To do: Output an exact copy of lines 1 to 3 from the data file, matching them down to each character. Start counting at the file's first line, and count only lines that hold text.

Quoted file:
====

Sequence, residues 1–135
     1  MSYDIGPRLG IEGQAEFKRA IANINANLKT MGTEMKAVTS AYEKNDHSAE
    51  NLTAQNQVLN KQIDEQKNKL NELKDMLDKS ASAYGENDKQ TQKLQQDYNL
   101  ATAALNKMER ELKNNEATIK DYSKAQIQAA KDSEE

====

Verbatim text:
Sequence, residues 1–135
     1  MSYDIGPRLG IEGQAEFKRA IANINANLKT MGTEMKAVTS AYEKNDHSAE
    51  NLTAQNQVLN KQIDEQKNKL NELKDMLDKS ASAYGENDKQ TQKLQQDYNL